Originally posted by SerenityGained
I am shocked that anybody would be mailed a letter such as this in a free country. Vanuatu does not require it. Australia does not require it. New Zealand does not require it.
Can I ask some of the American ATS'ers - Is this normal? I'm really hoping it's not.
Originally posted by silo13
How about you just stand up and be a man and sign it.
If not, you'll be ducking out of life's 'hassles' forever.
I mean come on - You want the benefits without paying your dues? What a cop out.
You should be ashamed of yourself.
(/drill Sargent lecture)
why should one run when they've done nothing wrong to run from?
Originally posted by HenryPatrick
swipe it between your cheeks (yes, those cheeks), write F--- YOU in big letters across it, and mail it in...i just threw mine in the trash years ago, but there are far better things to do with it...
Huh That's odd, I must have made a mistake some how or the nuther.. Drinks for everyone.
Originally posted by thegasface
reply to post by mossme89
sign up like everyone else did.
theres no way around it.
ATTENTION, UNDOCUMENTED MALES & IMMIGRANT SERVICING GROUPS! Selective Service does not collect any information which would indicate whether or not you are undocumented. You want to protect yourself for future U.S. citizenship and other government benefits and programs by registering with Selective Service. Do it today. If you are a man ages 18 through 25 and living in the U.S., then you must register with Selective Service. It’s the law. According to law, a man must register with Selective Service within 30 days of his 18th birthday. Selective Service will accept late registrations but not after a man has reached age 26. You may be denied benefits or a job if you have not registered. You can register at any U.S. Post Office and do not need a social security number. When you do obtain a social security number, let Selective Service know. Provide a copy of your new social security number card; being sure to include your complete name, date of birth, Selective Service registration number, and current mailing address; and mail to the Selective Service System, P.O. Box 94636, Palatine, IL 60094-4636. If you have a social security number, you can register online (click here). It's quick and easy.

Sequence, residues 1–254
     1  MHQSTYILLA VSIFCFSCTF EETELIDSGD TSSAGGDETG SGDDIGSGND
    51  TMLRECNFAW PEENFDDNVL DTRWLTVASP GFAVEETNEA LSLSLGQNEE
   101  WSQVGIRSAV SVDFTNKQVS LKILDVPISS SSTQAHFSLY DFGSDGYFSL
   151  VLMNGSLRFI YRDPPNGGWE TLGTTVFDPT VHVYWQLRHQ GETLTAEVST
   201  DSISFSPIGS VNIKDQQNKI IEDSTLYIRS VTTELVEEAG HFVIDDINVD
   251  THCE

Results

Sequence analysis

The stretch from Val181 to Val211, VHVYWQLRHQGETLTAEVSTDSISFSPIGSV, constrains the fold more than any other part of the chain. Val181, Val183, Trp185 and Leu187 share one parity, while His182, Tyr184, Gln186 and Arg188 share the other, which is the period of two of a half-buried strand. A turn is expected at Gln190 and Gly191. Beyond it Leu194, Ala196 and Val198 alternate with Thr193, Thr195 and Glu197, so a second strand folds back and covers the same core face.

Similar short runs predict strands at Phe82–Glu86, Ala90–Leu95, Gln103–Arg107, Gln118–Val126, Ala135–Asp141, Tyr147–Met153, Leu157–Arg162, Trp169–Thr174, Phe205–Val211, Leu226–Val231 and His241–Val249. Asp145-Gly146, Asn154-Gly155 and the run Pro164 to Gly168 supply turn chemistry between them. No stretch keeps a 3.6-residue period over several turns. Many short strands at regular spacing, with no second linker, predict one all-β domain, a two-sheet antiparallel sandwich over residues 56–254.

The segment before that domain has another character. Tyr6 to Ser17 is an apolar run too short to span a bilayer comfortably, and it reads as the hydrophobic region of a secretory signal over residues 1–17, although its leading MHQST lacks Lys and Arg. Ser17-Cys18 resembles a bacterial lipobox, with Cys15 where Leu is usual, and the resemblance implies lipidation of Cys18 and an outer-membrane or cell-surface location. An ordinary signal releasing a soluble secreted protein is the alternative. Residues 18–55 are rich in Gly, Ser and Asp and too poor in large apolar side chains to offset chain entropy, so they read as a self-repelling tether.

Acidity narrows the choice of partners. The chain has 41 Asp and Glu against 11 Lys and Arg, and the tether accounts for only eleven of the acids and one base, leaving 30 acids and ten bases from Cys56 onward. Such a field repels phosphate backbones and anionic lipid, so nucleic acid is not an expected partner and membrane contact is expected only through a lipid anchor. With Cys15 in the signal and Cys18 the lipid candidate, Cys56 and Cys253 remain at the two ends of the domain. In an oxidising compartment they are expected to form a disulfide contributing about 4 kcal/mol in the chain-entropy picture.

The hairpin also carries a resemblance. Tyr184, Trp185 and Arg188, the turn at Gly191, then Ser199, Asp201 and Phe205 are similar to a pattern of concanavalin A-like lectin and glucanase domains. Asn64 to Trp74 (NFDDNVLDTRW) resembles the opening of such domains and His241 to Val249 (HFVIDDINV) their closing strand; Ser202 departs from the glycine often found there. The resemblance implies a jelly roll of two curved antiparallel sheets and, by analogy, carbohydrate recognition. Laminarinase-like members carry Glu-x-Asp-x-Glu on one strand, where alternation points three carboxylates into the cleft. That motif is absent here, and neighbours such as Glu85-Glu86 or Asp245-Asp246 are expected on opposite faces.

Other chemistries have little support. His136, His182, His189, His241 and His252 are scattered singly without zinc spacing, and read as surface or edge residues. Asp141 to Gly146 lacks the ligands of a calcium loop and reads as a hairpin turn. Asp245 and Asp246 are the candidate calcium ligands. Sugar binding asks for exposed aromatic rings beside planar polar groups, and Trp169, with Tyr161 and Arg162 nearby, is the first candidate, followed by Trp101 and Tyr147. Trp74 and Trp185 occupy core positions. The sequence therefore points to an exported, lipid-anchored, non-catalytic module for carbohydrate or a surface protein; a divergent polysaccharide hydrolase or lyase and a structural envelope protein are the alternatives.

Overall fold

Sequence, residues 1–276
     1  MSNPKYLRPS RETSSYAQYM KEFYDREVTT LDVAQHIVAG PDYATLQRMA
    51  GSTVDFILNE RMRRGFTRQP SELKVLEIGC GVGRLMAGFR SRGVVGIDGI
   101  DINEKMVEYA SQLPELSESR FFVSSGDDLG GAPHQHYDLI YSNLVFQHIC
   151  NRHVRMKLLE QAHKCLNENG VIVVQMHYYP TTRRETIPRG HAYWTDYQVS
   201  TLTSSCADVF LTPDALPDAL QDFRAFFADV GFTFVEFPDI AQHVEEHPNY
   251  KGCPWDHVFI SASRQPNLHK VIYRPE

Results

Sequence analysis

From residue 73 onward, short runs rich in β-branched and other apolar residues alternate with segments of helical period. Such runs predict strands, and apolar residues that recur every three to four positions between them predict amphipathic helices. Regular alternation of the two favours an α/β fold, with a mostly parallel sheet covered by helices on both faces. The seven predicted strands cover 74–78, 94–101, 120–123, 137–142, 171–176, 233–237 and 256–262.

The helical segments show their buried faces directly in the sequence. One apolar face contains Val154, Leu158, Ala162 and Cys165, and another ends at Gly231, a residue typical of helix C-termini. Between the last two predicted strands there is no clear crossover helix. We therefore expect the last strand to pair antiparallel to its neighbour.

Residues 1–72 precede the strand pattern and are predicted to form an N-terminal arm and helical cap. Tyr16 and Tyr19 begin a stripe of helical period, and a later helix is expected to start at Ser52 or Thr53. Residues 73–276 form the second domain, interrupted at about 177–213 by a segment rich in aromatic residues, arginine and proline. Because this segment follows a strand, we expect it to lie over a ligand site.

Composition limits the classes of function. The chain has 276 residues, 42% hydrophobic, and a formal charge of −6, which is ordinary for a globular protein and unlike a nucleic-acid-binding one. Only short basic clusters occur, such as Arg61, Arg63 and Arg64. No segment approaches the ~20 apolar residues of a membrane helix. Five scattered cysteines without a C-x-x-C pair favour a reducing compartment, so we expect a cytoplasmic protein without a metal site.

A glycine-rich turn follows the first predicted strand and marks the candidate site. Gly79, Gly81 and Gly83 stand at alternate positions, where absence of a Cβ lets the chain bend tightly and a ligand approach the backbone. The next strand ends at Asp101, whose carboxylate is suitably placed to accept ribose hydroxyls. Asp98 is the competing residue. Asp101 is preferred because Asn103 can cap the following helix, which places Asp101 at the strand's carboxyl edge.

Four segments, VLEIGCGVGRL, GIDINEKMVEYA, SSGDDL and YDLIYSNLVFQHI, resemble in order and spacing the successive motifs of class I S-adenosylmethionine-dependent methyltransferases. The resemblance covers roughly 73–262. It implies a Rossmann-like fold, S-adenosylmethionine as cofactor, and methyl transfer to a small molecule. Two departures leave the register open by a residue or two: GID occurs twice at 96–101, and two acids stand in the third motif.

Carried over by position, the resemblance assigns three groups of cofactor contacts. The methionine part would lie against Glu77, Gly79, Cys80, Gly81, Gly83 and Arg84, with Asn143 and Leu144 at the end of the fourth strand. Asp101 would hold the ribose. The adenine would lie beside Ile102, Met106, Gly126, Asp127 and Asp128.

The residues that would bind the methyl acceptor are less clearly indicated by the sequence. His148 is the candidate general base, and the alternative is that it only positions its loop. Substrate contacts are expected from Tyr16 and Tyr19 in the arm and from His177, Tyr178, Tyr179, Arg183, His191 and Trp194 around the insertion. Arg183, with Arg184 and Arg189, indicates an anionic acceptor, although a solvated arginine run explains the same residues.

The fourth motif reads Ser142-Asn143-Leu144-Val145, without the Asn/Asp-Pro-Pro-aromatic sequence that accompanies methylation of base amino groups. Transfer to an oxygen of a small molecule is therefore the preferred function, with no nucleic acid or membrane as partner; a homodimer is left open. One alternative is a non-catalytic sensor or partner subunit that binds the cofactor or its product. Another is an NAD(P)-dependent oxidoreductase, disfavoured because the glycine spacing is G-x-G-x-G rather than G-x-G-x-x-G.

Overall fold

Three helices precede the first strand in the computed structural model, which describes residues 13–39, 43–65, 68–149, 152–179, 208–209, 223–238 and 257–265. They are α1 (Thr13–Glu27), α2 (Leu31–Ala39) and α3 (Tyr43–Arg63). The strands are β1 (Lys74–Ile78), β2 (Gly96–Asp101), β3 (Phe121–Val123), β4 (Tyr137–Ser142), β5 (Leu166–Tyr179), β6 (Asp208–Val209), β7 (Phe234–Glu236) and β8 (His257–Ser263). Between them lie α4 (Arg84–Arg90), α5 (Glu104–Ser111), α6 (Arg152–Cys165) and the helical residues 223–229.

Background Federal law (50 U.S.C. App. 451 et seq.) requires virtually all male U.S. citizens, as well as immigrant men residing in the U.S., to register with the Selective Service System (SSS) when reaching age 18. In an effort to ensure compliance among young men, many states have enacted legislation which links SSS registration with the process of applying for a driver's license or state identification card. As a result of such legislation, in May 2002, the state of Delaware, which enacted driver's license legislation in 2000, became the first state to reach nearly 100 percent registration compliance since the Agency began compiling this data. In that same year, seven other states increased their compliance rates by 3 percent or more after enacting similar driver's license legislation. Maintaining a high compliance rate is of concern to officials because it means that any future draft instituted by Congress and the President in a national emergency would be fair and equitable. Also, men who fail to register with Selective Service are not eligible for certain programs and benefits that the Congress and 41 state and territorial legislatures and the District of Columbia have linked to registration. They include student loans and grants for college, most government jobs, and job training. Additionally, immigrant men residing in the U.S. who fail to register when they are at least 18 years old, but not yet 26 years old, may be denied U.S. citizenship by the U.S. Citizenship and Immigration Services.